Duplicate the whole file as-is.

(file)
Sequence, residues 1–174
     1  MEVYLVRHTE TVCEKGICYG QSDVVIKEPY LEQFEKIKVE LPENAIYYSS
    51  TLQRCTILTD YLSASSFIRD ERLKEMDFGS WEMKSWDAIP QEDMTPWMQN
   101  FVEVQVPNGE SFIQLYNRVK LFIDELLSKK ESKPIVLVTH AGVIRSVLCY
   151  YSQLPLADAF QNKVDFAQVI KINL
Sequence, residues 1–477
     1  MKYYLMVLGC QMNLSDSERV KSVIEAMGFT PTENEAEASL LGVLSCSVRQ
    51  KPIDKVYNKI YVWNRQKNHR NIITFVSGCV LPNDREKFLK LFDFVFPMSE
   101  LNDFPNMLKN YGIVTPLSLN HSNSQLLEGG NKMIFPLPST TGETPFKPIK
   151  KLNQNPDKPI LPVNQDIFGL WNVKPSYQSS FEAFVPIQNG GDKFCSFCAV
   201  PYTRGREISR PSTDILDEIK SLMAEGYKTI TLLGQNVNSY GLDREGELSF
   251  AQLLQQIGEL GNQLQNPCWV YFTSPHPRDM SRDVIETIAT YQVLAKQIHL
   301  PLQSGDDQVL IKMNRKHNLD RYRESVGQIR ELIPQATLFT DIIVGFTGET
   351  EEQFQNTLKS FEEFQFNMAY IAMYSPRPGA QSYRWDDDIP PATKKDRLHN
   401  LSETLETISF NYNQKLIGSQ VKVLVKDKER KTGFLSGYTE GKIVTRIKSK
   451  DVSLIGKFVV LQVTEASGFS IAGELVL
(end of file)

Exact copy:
Sequence, residues 1–174
     1  MEVYLVRHTE TVCEKGICYG QSDVVIKEPY LEQFEKIKVE LPENAIYYSS
    51  TLQRCTILTD YLSASSFIRD ERLKEMDFGS WEMKSWDAIP QEDMTPWMQN
   101  FVEVQVPNGE SFIQLYNRVK LFIDELLSKK ESKPIVLVTH AGVIRSVLCY
   151  YSQLPLADAF QNKVDFAQVI KINL
Sequence, residues 1–477
     1  MKYYLMVLGC QMNLSDSERV KSVIEAMGFT PTENEAEASL LGVLSCSVRQ
    51  KPIDKVYNKI YVWNRQKNHR NIITFVSGCV LPNDREKFLK LFDFVFPMSE
   101  LNDFPNMLKN YGIVTPLSLN HSNSQLLEGG NKMIFPLPST TGETPFKPIK
   151  KLNQNPDKPI LPVNQDIFGL WNVKPSYQSS FEAFVPIQNG GDKFCSFCAV
   201  PYTRGREISR PSTDILDEIK SLMAEGYKTI TLLGQNVNSY GLDREGELSF
   251  AQLLQQIGEL GNQLQNPCWV YFTSPHPRDM SRDVIETIAT YQVLAKQIHL
   301  PLQSGDDQVL IKMNRKHNLD RYRESVGQIR ELIPQATLFT DIIVGFTGET
   351  EEQFQNTLKS FEEFQFNMAY IAMYSPRPGA QSYRWDDDIP PATKKDRLHN
   401  LSETLETISF NYNQKLIGSQ VKVLVKDKER KTGFLSGYTE GKIVTRIKSK
   451  DVSLIGKFVV LQVTEASGFS IAGELVL